The ubiquitin proteasome system in Huntington's disease and the spinocerebellar ataxias

Janet E Davies, Sovan Sarkar, David C Rubinsztein

Research output: Contribution to journalArticlepeer-review

44 Citations (Scopus)


Huntington's disease and several of the spinocerebellar ataxias are caused by the abnormal expansion of a CAG repeat within the coding region of the disease gene. This results in the production of a mutant protein with an abnormally expanded polyglutamine tract. Although these disorders have a clear monogenic cause, each polyglutamine expansion mutation is likely to cause the dysfunction of many pathways and processes within the cell. It has been proposed that the ubiquitin proteasome system is impaired in polyglutamine expansion disorders and that this contributes to pathology. However, this is controversial with some groups demonstrating decreased proteasome activity in polyglutamine expansion disorders, some showing no change in activity and others demonstrating an increase in proteasome activity. It remains unknown whether the ubiquitin proteasome system is a feasible therapeutic target in these disorders. Here we review the conflicting results obtained from different assays performed in a variety of different systems. Publication history: Republished from Current BioData's Targeted Proteins database (TPdb;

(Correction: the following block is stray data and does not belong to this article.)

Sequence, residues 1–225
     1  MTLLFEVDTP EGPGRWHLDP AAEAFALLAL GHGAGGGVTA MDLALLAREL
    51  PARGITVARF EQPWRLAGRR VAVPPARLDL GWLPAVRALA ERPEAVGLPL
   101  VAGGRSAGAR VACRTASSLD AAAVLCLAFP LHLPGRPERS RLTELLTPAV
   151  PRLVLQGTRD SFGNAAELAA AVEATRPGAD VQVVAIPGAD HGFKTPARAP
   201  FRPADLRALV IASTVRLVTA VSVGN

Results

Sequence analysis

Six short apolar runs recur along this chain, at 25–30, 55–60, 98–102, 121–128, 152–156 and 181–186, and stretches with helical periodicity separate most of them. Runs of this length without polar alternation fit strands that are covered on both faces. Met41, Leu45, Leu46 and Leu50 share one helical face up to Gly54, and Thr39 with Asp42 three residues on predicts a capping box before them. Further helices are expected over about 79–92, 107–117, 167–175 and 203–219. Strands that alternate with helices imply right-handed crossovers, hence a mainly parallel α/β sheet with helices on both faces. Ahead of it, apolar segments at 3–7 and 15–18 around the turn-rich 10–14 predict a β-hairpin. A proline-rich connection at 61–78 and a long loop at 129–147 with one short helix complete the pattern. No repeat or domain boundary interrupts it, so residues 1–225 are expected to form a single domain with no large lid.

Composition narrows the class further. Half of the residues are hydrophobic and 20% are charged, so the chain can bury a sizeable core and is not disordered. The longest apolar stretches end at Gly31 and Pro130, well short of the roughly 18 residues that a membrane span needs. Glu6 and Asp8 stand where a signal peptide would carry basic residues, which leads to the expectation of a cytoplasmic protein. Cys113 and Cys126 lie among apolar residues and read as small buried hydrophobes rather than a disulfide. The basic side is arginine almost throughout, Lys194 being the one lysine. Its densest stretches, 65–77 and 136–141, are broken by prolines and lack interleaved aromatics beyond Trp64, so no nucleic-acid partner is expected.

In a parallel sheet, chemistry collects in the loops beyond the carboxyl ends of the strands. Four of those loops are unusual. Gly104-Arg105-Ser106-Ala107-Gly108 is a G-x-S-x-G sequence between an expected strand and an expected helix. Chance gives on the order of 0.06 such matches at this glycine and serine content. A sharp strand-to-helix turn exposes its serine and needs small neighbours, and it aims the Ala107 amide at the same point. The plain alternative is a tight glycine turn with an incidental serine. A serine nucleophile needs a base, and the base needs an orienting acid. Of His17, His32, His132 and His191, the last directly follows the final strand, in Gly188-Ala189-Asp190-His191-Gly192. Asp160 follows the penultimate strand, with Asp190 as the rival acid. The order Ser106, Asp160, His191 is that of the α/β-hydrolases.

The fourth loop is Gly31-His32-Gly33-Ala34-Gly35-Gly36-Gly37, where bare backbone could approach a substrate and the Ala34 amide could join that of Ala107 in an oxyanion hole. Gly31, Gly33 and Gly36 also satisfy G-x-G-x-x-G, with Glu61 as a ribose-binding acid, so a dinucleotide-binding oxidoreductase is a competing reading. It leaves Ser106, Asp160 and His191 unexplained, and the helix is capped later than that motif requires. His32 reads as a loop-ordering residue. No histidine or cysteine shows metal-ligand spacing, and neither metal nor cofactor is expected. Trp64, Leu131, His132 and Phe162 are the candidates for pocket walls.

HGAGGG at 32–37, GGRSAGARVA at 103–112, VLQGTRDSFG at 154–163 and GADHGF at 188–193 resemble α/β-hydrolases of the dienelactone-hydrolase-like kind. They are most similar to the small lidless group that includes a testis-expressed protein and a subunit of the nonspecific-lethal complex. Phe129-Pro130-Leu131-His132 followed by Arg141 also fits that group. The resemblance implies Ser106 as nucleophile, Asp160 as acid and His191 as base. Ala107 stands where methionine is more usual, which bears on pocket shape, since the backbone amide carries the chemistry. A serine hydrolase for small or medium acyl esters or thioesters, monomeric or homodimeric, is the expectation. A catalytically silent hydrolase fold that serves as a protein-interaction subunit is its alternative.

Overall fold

Original languageEnglish
Pages (from-to)S2
Volume8 Suppl 1
Publication statusPublished - 2007


  • Animals
  • Humans
  • Huntington Disease
  • Proteasome Endopeptidase Complex
  • Spinocerebellar Ataxias
  • Ubiquitin
  • Ubiquitin-Protein Ligase Complexes


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